GREAT RELIGIOUS FESTIVALS When a woman became a widow she cut off her hair below the ears and, with great lamentations, scattered it over the grave of her husband. She was permitted to remarry only when her hair had grown long enough to cover her shoulders. Le Moyne also observed and recorded various rituals and customs of the Timucuans along the St. Johns River. Although some cultural differences existed among the Timucuan-speaking chiefdoms, it is probable that some of the rituals described by Le Moyne were practiced by the Tocobagas. The Indians were sun worshippers, and the chiefs claimed to be descendants of Tonatico, the sun. On special occasions they gathered for great religious festivals. Le Moyne gives us a vivid narrative of one of these rituals. "In early spring the Indians held a religious festival offering the skin of a stag to the sun. They take the skin of the largest stag, with its horns still on, and stuff if with the choicest roots. On its horns, neck and body they hang long garlands of the best fruits. Thus decorated, it is carried with music and song to an open, level place and hung on a high tree with its head and breast toward the sunrise. "They then pray to the sun that such good things as these offered may grow on their lands. The chief, with his sorcerer, stands near the tree and offers the prayer, while the common people, some distance away, make the responses. After the prayer they salute the sun and depart, leaving the deer's hide on the tree until the next year." HUMAN SACRIFICE Human sacrifice was also practiced along the Florida Indians, with the firstborn son offered to the chief. According to Le Moyne, "On the day of sacrifice the chief goes to the place dedicated for the purpose. There he takes his seat on a bench. Not far off is a tree stump about two feet high and as many thick, in front of which the mother of the firstborn squats on her heels, her face covered with her hands, in sorrow. One of her women friends or relatives then offers the child to the chief in worship. After the offering is made the women who have accompanied the mother, dance in a circle In 1936, excavations in the Lykes mound the then Oak Park section of Tampa revealed a flex burial of a Tampan of ancient times. -Tony Pizzo Collection, USF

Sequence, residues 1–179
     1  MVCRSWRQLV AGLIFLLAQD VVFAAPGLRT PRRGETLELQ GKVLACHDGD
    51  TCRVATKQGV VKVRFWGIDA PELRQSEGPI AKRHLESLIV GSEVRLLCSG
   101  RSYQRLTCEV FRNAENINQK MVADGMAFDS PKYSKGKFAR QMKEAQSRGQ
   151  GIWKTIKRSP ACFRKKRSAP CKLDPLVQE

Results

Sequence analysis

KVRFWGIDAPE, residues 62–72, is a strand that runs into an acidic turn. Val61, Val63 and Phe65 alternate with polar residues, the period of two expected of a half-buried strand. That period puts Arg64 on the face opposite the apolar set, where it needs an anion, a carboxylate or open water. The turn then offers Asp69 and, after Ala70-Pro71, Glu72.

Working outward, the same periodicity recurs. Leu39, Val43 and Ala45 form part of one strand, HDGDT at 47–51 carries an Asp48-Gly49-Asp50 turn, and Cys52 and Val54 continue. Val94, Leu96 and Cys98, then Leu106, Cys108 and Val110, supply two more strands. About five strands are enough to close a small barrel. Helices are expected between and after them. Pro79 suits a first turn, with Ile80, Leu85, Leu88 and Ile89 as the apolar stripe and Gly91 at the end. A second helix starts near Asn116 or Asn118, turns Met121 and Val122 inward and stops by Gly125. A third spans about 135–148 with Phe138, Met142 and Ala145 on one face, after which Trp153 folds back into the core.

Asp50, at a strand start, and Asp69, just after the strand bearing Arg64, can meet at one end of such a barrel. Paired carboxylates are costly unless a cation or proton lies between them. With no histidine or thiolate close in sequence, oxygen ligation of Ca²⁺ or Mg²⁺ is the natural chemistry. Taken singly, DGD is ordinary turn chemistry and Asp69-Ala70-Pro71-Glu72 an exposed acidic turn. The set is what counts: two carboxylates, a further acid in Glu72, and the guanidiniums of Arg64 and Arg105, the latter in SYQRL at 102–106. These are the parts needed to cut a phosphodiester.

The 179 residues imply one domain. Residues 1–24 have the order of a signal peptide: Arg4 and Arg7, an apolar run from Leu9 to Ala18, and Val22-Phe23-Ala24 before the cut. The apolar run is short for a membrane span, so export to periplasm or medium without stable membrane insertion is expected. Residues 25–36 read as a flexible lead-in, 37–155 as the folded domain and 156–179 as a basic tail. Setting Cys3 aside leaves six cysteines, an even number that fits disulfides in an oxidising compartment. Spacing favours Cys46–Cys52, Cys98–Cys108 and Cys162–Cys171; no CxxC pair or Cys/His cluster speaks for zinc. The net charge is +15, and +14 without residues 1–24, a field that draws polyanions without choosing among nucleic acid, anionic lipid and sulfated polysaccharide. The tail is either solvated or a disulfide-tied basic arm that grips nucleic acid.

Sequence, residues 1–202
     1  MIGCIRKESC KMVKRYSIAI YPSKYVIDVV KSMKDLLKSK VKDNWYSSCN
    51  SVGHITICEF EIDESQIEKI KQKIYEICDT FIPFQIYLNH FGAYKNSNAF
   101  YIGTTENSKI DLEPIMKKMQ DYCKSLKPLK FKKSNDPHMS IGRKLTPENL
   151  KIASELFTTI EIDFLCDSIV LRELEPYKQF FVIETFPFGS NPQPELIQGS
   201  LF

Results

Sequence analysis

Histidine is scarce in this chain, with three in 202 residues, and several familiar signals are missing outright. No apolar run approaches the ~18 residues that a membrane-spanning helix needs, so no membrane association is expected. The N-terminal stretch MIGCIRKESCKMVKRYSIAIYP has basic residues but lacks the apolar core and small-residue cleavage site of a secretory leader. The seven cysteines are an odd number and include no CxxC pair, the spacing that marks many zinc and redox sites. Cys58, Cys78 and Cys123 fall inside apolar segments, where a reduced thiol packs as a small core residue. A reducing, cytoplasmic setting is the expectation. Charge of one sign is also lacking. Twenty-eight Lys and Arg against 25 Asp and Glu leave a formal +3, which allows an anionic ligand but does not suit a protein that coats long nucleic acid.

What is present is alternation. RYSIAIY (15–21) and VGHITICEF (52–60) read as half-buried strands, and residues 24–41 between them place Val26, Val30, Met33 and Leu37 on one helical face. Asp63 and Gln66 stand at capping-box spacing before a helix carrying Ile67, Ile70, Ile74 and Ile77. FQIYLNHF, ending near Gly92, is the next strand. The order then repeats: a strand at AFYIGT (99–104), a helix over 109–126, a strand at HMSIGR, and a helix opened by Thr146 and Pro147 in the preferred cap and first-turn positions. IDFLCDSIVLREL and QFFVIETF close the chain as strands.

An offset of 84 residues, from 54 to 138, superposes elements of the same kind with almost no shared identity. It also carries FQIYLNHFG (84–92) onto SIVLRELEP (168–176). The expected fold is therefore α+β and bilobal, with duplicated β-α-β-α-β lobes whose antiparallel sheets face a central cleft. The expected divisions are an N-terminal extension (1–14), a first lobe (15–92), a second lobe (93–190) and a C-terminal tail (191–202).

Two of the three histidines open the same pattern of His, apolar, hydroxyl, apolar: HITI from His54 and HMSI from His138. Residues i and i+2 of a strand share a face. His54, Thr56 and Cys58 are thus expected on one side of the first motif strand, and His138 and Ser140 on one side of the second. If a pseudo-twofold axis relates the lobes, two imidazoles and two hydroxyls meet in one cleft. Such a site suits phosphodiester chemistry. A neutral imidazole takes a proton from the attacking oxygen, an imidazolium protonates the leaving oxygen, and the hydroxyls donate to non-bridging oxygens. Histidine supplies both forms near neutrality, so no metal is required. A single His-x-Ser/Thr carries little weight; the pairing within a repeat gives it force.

around the stump, with great demonstrations of joy. In their midst, singing the chief's praises, dances the woman who holds the child. "Nearby stands a group of six Indians. They surround a magnificiently decorated warrior hold a club ready to perform the sacrifice. When the dance ends, he takes the infant, and kills it on the wooden stump in honor of the chief." The ruling chief or Cacique, as De Soto later called them, was responsible for the well being of his people, and had full authority in directing the growing, gathering, storage and distribution of food. Crops were stored for use during the winter in communal storehouses called barbacoas. A special guard was placed in charge of the granary, with strict orders to be on the alert at all times. At the slightest neglect of his post he was clubbed to death. The Tampa Bay Indians, therefore, practiced a basic form of simple communism, like all the Indians of North America. THOSE DELICIOUS ALLIGATORS The center of political and religious life was the village. The villages were located along the bay, and the lifestyle was basically sedentary. An Indian village usually numbered several thatched huts (bohios) with the chief's large house in the center of the community. Some of the chiefs located their houses on large flattop pyramid mounds of earth. These huts could be heated with a fire, permitting its occupants to sleep without covers. Their food consisted mainly of maize, shellfish, crabs, fish, deer, turkeys, raccoons, roots, nuts and wild fruits. A limited amount of squash, beans and tobacco was raised in small fields. During the winter months, if their food supply diminished, they wandered into the back country and subsisted on acorns, terrapins, and game which they baked, boiled or roasted. They also gathered very ripe wild fruits. Hernando de Escalante de Fontaneda, writing his Memoria in 1575 describing Florida in the Sixteenth Century, reported that the Florida Indians enjoyed eating "delicious small alligators, appetizing snakes and juicy eels, as long as a man and as fat as a thigh." The Tocobagas used tobacco extensively. To them, it was a medicine, a pleasure in the form of smoking, a means of fumigating their huts, and an adored talisman over which they said their prayers before going on a hunt. McKAY BAY SHELL HEAP In ancient times, the forerunner of the Tocobagas lived on and around shell middens. A large part of their food-fare was shellfish. The shells of these fish make up the bulk of the tremendous shell middens found along the shores of Tampa Bay. The dead were covered in the shell heaps, along with all types of refuse. These old kitchen middens have contributed much valuable information on the primitive inhabitants of the Tampa Bay region. In these shell heaps, the bones of small animals have been found, such as dogs, raccoons and oppossum. Dogs, the only domestic animals, were frequently eaten, and perhaps even kept and raised for the purpose. Turtles, snakes and alligators were used. A shell heap existed until very recently in a densely wooded area on the east bank of McKay Bay, between the Palm River and Twenty-second Street Causeway. Many artifacts in the form of broken pottery, bones